Another day, another pitcher injury:

The Cincinnati Reds have shut down rookie right-handed starter Rookie Davis due to a right hip impingement, Reds manager Bryan Price said Sunday. Surgery is being looked at as a possible solution, per a team source, but has not been decided upon yet.

Davis said the issue has been bothering him off and on this season, but Price said it’s mainly been nagging the 23-year-old right-hander for the last three weeks. That would coincide with a drop in Davis’ fastball velocity, from an average of 94 mph earlier in the season to 91 mph this month…

The right-hander was noncommittal when asked if surgery was on the table, but said he’s looking forward to solving issue for good.

“We know what we’re dealing with, and unfortunately it’s not a flexor strain or something like that,” Davis said. “It’s a little more significant.”

Read the entire thing.

I don’t have a lot to add, other than the fact that I’m exhausted by the number of pitchers getting injured. Check out the following list of Cincinnati pitchers injured in 2017:

After I compiled that listing, based on Reds transaction records, I realized that the list didn’t include Sal Romano. You may remember that Romano spent some time on the minor league disabled list with a shoulder injury, missing the entire month of May.

Even before we heard this news today, I received this text:

I didn’t really have an answer for him (at least not without doing a lot of research that I didn’t feel like doing on a Sunday night). Do you?

9 Responses

  1. Blake Shell

    12 1,110 $35,479,299
    Los Angeles Dodgers 17 1,015 $26,792,709
    Boston Red Sox 13 1,063 $25,055,121
    Minnesota Twins 9 804 $20,093,511
    Los Angeles Angels of Anaheim 12 1,188 $18,421,696
    Texas Rangers 14 775 $16,929,400
    Philadelphia Phillies 8 535 $13,683,819
    New York Yankees 7 260 $12,479,937
    Cincinnati Reds 11 855 $11,853,816
    Miami Marlins 11 513 $11,487,270
    San Francisco Giants 6 389 $11,472,752
    Toronto Blue Jays 12 823 $11,399,902
    St. Louis Cardinals 7 639 $11,324,423
    Houston Astros 13 653 $11,058,454
    Chicago White Sox 9 692 $10,367,182
    New York Mets 9 768 $8,711,612
    Cleveland Indians 9 534 $8,204,170
    Baltimore Orioles 6 193 $7,933,435
    Tampa Bay Rays 12 1,079 $7,557,185
    Washington Nationals 11 505 $7,236,624
    San Diego Padres 9 1,094 $6,404,637
    Arizona Diamondbacks 8 375 $5,426,810
    Kansas City Royals 10 510 $5,109,744
    Milwaukee Brewers 8 275 $4,764,052
    Chicago Cubs 6 116 $3,765,704
    Oakland Athletics 12 729 $3,238,849
    Colorado Rockies 11 496 $2,806,888
    Atlanta Braves 9 749 $2,402,069
    Detroit Tigers 3 85 $1,520,570
    Pittsburgh Pirates 4 92 $1,165,161

    I found this graph on spotrac and didn’t feel like actually taking the time to analyze it but by simple eye test it looks like the reds are pretty middle of the pack. The only error in this is that it takes just total players on the dl and doesn’t account for multiple trips from a player.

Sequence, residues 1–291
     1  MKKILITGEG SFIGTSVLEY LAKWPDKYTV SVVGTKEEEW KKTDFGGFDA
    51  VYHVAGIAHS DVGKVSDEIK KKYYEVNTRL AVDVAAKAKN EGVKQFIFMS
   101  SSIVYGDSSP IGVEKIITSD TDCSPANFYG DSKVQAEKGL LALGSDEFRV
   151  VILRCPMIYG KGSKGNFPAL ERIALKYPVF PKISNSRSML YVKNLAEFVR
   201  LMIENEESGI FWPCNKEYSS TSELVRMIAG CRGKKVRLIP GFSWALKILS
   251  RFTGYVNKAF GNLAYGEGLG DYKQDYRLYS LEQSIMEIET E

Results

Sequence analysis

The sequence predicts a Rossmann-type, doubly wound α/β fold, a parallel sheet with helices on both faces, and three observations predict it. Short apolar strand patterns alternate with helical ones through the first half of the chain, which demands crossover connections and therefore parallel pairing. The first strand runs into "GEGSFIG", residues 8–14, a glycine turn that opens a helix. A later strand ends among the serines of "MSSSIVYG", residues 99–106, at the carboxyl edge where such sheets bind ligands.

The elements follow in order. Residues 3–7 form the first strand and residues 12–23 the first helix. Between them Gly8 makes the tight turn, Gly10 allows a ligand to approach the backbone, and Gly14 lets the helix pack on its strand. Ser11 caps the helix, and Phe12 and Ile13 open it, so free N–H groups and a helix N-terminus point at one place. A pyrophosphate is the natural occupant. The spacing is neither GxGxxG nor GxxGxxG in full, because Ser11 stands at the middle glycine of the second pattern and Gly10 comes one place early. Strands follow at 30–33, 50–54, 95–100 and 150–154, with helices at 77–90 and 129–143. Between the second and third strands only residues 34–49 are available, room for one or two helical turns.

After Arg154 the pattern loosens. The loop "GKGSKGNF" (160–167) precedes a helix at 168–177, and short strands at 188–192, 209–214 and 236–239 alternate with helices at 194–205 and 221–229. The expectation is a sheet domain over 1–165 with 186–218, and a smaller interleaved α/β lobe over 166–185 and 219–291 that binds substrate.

As I look at this, it’s just baseball, pitchers get hurt. It’s why I’m not in favor of signing a big time free agent, something that has been talked about on here a lot. We signed one pitcher in the last few years to a big contract and looked what happened. Pitchers get hurt on every team, just the way of the game.

    • Blake Shell

      Oh and I just realized it doesn’t have the titles for the graph, it goes number of players injured, days on dl, and salary on the dl for pitchers on each team

      • scottya

        Thanks for the information, gives us some perspective to see where we fit in.

    • another bob in nc

      Thanks for looking this up. If just random, I’d expect team rankings to vary each year. If a pattern over several years was shown, it might say something about the team. I’m way too lazy to do the research.

  2. Scott Gennett

    Things happen for a reason, so many injuries within the same pitching staff have to be based upon a logical cause, not just mere casualties.

  3. big5ed

    It isn’t really that bad, when you throw out the Already-Injureds (Bailey, Desclafani, Feldman) and the Doesn’t-Matters (Arroyo, Brice, Bonilla, etc.) Most of the others were pretty minor, like Stephenson getting a bruise fielding a ball. At least they didn’t spend $31 million on David Price and get 70 innings out of him.

    Finnegan and Garrett were the primary cases that couldn’t be expected. I think Garrett’s injury was more of a problem than he let on.

    • Steven Ross

      Garrett hasn’t been the same since he was sent down on May 9th.

  4. Still a Red

    Not too long ago there was a post with a link to why the Dodgers picked up Cingrani and how they tweaked his pitch selection and location. Very interesting article, but a quick look at his stats would indicate they changes have not vastly improved the outcomes.

  5. Tom Mitsoff

    Earlier this year, I made a comment that the front office literally needs to be thinking in terms of 10 starting pitchers for 2018 — five with the big league team and five with Louisville. This article and chart reinforces the need for that line of thought.